A Ready Hatred: Depictions of the Jewish Woman in Medieval Antisemitic Art and Caricature

A Ready Hatred: Depictions of the Jewish Woman in Medieval Antisemitic Art and Caricature

Abramson, Henry (Florida Atlantic University)

Proceedings of the American Academy for Jewish Research, Vol. 62. (1996)

Title page of Der Juden Erbarkeit, 1571

The structural similarities between the hatred of women and the hatred of Jews, while striking, have received little scholarly attention. Both Jews and women occupied secondary, often exploited positions in society, both were feared for their connections with the Devil and witchcraft, and both were persecuted for various transgressions of the androcentric Christian order. Jewish women, victims twice over as members of a “defective” gender within a “degenerate” people, bore the double brunt of both antisemitism and misogyny. This paper represents an initial enquiry into the conglomerate nature of this prejudice as expressed in medieval art and caricature.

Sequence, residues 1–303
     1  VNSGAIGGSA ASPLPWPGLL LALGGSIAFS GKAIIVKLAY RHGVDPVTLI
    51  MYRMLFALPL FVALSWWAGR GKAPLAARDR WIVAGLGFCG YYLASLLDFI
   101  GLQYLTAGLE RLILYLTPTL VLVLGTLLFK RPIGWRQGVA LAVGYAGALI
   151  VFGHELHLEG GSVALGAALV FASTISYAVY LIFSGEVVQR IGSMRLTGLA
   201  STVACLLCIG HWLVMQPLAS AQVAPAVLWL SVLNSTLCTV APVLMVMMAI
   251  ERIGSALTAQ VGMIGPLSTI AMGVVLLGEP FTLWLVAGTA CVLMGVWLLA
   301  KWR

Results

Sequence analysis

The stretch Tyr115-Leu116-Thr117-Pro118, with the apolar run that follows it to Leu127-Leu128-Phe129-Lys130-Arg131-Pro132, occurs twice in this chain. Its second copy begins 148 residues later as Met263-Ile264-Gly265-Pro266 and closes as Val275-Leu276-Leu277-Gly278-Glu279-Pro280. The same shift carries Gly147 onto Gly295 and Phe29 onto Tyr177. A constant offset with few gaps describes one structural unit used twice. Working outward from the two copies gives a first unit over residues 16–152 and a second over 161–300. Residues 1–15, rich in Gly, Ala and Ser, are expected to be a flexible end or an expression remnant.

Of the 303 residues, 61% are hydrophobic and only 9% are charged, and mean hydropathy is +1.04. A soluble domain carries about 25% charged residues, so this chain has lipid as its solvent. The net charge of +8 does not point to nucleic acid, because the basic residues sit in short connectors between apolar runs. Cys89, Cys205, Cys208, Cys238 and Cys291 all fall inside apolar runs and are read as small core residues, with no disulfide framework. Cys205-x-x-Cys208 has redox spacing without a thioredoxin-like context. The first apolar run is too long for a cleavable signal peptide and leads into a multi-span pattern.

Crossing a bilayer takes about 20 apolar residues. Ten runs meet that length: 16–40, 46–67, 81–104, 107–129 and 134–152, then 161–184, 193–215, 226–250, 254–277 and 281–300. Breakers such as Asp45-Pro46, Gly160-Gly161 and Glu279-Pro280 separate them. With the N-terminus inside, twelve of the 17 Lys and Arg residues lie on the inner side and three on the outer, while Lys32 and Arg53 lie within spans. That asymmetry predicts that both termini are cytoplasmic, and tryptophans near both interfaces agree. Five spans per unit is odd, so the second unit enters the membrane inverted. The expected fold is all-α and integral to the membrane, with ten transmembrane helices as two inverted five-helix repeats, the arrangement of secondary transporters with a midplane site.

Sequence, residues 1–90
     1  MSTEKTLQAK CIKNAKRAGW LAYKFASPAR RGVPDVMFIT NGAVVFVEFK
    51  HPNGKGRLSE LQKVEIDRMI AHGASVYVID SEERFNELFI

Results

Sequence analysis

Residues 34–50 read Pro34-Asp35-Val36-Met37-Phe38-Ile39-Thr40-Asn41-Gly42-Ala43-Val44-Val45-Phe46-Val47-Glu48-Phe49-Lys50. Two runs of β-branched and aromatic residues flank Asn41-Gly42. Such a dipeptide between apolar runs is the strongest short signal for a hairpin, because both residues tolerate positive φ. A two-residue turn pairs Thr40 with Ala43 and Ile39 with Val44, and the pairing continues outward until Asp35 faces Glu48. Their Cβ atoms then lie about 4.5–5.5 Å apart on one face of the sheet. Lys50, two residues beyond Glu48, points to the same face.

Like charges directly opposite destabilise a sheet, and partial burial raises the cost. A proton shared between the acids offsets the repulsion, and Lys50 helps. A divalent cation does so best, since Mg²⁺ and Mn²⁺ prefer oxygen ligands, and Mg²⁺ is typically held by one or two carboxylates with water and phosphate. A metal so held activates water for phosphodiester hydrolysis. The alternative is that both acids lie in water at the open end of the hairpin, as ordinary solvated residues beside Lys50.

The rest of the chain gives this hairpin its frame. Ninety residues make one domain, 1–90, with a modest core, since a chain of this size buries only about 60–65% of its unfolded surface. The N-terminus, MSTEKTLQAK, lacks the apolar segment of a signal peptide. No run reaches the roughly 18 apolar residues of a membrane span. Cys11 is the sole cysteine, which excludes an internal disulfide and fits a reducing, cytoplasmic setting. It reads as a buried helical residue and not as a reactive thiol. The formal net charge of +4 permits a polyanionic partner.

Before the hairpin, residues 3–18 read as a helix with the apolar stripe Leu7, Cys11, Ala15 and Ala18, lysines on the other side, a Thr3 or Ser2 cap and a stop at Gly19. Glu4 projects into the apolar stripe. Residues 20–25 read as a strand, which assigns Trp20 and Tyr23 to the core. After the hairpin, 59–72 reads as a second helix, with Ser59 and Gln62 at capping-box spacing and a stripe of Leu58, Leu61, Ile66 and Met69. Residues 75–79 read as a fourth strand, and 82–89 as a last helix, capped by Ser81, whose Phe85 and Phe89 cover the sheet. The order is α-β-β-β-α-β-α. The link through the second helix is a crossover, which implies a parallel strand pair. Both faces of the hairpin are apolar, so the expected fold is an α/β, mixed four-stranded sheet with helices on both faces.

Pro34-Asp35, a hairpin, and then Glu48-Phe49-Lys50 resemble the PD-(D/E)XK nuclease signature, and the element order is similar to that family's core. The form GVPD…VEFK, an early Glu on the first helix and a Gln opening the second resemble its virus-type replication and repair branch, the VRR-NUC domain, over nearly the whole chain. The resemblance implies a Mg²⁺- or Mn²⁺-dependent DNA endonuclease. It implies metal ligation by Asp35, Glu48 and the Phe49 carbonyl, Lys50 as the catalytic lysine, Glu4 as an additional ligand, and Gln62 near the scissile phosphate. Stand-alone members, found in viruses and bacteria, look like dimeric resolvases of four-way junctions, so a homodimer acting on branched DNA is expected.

The medieval mind was not entirely comfortable with the notion of Jesus’ circumcision. On the one hand, it was a well-known fact of his early childhood, and was celebrated as a holiday in the religious calendars. The sexual connotations of this ritual presented little problem, if one is to judge from other explicit depictions of Jesus’ sexuality (particularly as an infant) including one rather surprising early sixteenth century portrait of Jesus with an erection, albeit modestly covered with a cloak. Moreover, the traditional image of mother and child often portrayed Mary with a bared breast, preparing to nurse the baby Jesus. It seems rather that there were two principal grounds for Christian discomfort with Jesus’ entry into “the covenant of Abraham.” Firstly, it was a very Jewish ritual, constituting a concrete physical distinction between Christian and Jew. From a theological perspective, circumcision was a representation of all that was wrong with Judaism: carnal, not physical; of the flesh rather than spiritual, a circumcision of the foreskin rather than a “circumcision of the heart,” to use the biblical phrase. The circumcision of Jesus only served to emphasize his lowly origins through this most profane and intimately Jewish of rituals.

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